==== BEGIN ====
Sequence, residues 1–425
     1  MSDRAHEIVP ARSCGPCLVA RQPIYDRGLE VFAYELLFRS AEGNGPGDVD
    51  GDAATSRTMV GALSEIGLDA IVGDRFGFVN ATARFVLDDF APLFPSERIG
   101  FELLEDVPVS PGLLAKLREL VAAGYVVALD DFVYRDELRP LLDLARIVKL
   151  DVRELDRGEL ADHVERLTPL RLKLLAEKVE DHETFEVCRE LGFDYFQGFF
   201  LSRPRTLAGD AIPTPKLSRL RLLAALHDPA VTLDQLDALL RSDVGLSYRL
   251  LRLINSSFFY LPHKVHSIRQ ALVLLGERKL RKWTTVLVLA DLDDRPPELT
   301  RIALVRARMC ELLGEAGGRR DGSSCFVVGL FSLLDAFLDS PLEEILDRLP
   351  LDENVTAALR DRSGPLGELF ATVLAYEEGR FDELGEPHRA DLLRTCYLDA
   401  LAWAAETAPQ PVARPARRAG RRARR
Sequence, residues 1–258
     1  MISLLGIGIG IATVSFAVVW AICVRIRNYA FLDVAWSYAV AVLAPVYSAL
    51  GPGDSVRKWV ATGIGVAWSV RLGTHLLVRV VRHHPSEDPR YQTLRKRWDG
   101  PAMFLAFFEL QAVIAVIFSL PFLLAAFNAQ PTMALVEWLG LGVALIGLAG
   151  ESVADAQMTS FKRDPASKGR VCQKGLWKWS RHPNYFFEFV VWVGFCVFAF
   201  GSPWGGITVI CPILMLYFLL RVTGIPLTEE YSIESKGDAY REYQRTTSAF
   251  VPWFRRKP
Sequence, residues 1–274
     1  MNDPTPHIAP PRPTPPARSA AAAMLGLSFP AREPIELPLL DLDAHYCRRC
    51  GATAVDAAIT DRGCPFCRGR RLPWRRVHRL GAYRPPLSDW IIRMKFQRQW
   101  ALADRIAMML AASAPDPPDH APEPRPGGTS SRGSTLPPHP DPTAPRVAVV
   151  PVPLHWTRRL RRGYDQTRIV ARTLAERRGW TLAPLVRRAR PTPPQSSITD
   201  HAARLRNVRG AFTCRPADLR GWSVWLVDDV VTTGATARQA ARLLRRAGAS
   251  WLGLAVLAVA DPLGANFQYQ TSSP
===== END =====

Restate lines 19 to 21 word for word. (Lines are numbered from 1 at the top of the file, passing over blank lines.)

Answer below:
     1  MNDPTPHIAP PRPTPPARSA AAAMLGLSFP AREPIELPLL DLDAHYCRRC
    51  GATAVDAAIT DRGCPFCRGR RLPWRRVHRL GAYRPPLSDW IIRMKFQRQW
   101  ALADRIAMML AASAPDPPDH APEPRPGGTS SRGSTLPPHP DPTAPRVAVV